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Russell Webster

Russell Webster

Criminal Justice & substance misuse expert and author of this blog.

Young adults are using more Ecstasy and legal highs

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Young people's choice of substances changes rapidly in response to fashion and availability (and price). It will be interesting to see whether the current generation of young drug users reduce their usage as they get older to the same extent as previous generations appear to have done.

Trends in drug use

Last year’s Crime Survey for England and Wales (CSEW) found an increase in the proportion of people using illegal drugs. This finding was in the context of a steady drop in levels of drug use over the previous 15 years and it wasn’t clear whether the rise was merely a blip or the start of a new upwards trend.

This year’s survey found overall levels of drug use were broadly similar but that young people (the data for 16-24 year olds are analysed separately) were using a number of substances more frequently.

Here are some of the headline findings:

  • The proportion of 16 to 24 year olds defined as frequent drug users (using more than one drug in the last month) was over twice as high (5.1%) as the proportion of frequent drug users aged 16 to 59 (2.2%).
  • Young people’s ecstasy use increased markedly over the last year from 3.9% to 5.4%.
  • Young people’s cocaine use increased slightly over the last year from 4.2% to 4.8%.
  • Young people’s cannabis use increased slightly over the last year from 15.1% to 16.3%.
  • The proportion of adults using cannabis frequently has dropped to 39%, the lowest proportion in the last ten years.
  • Use of New Psychoactive Substances (NPS) or legal highs in the last year appears to be concentrated among young people with 2.8% taking them in the last year compared to 0.9% of 16 to 59 year olds.

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New Psychoactive Substances

Using NPS was not just the preserve of young people, but young men in particular – 4% of 16-24 year old men had used an NPS in the last year compared to 1.5% young women.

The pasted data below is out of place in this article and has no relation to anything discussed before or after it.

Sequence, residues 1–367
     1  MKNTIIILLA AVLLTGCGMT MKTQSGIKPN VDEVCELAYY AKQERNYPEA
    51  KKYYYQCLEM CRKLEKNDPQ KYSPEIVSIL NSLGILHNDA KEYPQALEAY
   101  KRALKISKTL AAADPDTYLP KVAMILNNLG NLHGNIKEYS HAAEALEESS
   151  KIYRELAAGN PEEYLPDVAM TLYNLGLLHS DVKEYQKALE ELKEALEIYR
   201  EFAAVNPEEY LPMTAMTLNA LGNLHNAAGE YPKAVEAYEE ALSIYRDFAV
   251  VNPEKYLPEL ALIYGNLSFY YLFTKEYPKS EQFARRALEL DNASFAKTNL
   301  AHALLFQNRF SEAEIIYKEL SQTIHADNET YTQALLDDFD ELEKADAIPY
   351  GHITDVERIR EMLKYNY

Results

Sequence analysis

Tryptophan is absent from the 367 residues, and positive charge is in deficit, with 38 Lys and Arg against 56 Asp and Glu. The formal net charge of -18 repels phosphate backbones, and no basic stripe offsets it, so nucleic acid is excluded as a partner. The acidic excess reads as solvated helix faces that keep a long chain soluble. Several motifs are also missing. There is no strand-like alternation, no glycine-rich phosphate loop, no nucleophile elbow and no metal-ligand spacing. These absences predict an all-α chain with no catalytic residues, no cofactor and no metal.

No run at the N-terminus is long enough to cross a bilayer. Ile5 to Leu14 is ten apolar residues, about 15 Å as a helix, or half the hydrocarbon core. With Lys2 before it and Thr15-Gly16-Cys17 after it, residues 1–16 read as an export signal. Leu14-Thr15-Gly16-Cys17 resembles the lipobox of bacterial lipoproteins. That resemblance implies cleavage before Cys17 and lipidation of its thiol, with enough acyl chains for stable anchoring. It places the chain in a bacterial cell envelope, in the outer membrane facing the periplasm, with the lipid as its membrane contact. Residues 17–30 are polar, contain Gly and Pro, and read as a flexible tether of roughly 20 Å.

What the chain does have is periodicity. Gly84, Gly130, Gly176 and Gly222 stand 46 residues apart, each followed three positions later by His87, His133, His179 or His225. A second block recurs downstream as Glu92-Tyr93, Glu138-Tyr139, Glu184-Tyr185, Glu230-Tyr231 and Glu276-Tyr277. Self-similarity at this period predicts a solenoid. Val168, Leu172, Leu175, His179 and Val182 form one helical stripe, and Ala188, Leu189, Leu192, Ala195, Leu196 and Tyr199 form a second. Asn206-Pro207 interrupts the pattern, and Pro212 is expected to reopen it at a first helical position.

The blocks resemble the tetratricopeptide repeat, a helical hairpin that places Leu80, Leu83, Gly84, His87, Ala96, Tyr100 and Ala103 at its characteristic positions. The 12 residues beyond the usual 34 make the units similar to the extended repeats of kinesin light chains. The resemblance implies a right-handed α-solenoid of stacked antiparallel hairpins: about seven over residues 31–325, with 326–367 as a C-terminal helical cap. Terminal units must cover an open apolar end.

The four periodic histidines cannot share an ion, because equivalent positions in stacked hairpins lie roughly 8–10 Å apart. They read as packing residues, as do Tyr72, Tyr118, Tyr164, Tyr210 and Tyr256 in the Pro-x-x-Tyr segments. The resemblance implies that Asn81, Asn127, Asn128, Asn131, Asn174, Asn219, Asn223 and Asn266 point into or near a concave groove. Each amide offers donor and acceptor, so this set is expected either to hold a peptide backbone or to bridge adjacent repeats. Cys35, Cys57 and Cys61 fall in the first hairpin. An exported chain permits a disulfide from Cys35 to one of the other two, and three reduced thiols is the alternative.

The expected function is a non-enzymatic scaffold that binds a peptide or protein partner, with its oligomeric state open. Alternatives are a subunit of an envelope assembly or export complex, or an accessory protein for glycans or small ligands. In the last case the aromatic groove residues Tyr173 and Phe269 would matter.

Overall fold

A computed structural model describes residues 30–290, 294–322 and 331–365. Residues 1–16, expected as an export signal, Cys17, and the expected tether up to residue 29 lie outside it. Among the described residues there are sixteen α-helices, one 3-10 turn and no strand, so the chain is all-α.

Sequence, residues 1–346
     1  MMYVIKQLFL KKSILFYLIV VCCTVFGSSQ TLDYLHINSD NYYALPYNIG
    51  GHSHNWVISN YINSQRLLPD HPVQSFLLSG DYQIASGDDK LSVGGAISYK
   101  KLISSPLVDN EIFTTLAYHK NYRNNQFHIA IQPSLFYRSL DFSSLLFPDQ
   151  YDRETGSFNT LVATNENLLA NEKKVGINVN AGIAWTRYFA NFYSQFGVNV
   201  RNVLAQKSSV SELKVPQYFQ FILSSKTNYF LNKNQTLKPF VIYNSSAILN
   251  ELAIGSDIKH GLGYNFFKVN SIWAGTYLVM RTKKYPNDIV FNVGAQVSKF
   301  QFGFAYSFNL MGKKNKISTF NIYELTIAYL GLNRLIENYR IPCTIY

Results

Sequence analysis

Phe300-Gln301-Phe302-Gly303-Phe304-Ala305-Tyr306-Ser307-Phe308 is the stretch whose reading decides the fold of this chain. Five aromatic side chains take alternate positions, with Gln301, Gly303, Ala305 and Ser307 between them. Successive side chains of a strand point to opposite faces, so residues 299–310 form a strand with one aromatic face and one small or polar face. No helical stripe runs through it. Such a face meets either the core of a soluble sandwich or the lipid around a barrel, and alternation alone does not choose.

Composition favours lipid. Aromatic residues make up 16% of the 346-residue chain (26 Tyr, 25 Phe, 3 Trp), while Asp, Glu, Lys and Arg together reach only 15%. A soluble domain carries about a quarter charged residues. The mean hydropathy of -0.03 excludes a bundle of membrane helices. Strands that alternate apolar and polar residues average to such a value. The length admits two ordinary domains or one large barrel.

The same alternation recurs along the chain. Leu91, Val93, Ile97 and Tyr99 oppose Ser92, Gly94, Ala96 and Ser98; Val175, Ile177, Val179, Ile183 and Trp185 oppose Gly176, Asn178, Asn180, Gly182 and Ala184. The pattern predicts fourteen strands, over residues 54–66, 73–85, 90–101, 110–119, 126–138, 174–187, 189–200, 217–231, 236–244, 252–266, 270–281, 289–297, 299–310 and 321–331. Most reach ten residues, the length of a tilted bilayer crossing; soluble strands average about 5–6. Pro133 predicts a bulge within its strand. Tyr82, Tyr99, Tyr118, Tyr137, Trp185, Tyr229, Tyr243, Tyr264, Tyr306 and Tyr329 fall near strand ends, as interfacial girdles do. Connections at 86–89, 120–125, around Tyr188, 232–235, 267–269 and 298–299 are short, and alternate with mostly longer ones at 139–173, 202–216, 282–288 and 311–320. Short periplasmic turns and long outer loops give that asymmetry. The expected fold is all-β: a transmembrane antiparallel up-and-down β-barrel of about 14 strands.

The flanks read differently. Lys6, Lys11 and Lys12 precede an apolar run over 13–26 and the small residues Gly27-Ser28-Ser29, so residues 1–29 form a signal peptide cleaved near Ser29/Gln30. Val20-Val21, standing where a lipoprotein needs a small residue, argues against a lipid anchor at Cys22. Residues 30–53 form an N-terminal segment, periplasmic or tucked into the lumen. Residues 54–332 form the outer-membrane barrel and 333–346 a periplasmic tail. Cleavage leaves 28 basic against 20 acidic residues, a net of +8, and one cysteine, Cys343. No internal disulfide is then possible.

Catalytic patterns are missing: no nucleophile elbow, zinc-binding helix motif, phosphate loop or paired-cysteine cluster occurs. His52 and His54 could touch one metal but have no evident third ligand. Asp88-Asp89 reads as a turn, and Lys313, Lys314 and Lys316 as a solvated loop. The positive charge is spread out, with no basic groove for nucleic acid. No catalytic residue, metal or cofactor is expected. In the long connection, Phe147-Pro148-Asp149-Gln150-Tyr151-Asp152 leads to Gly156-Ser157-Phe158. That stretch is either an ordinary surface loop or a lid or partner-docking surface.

Unsurprisingly, 84% of young people who used an NPS had also used another illicit drug in the last year. Young people who go to pubs and nightclubs and/or drink alcohol are more likely to have used an NPS.

Herbal smoking mixtures (most likely to be synthetic cannabinoids – see here for European trends) were the most common NPS used (61% of those who had used legal highs in the last year).

People tended to buy legal highs from a shop (34% adults, 39% young people) or get it from a friend, neighbour or colleague (34% adults, 37% young people).

 

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Simultaneous polydrug use

Interestingly, since 2011 CSEW has started asking about using more than one drug in the same period of time. This appears to be a growing trend:

  • In the combined 2013/14 and 2014/15 surveys, nine per cent of respondents who used drugs in the last year said that the last time they used drugs, they used more than one drug at the same time. This has increased significantly from 7 per cent in the 2010/11 and 2011/12 surveys.
  • Mephedrone (68%), ecstasy (57%), amphetamines (50%), and tranquilisers (35%) were the drugs most likely to be used simultaneously with other drugs.
  • The lowest prevalence of polydrug use was found among those who had used cannabis the last time they had used drugs (9% of those who used cannabis last used it alongside another drug).
  • Polydrug users were more likely than single drug users to obtain their drugs from a dealer last time they took drugs.

For drug professionals, chapter 5 of the report provides more detailed information on the most common combinations of substances which might be of interest and use.

Interestingly, the four main motivations for simultaneous polydrug use were quite different:

  • 27% made a deliberate choice, taking a particular combination of drugs  as they wanted the combined effect of more than one drug, for example to make the effects stronger of longer lasting.
  • 26% said they just took whatever drugs were available or offered to them at the time.
  • 24% said they used one drug to cancel the effects of the other, for example to ‘come up’ or ‘come down’.
  • 18% said they took them for no particular reason.

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Conclusion

It is unsurprising that young people are the most frequent users of illegal drugs and that young people’s choice of substances changes rapidly in response to fashion and availability (and price).

It will be interesting to see whether the current generation of young drug users reduce their usage as they get older to the same extent as previous generations appear to have done.

 

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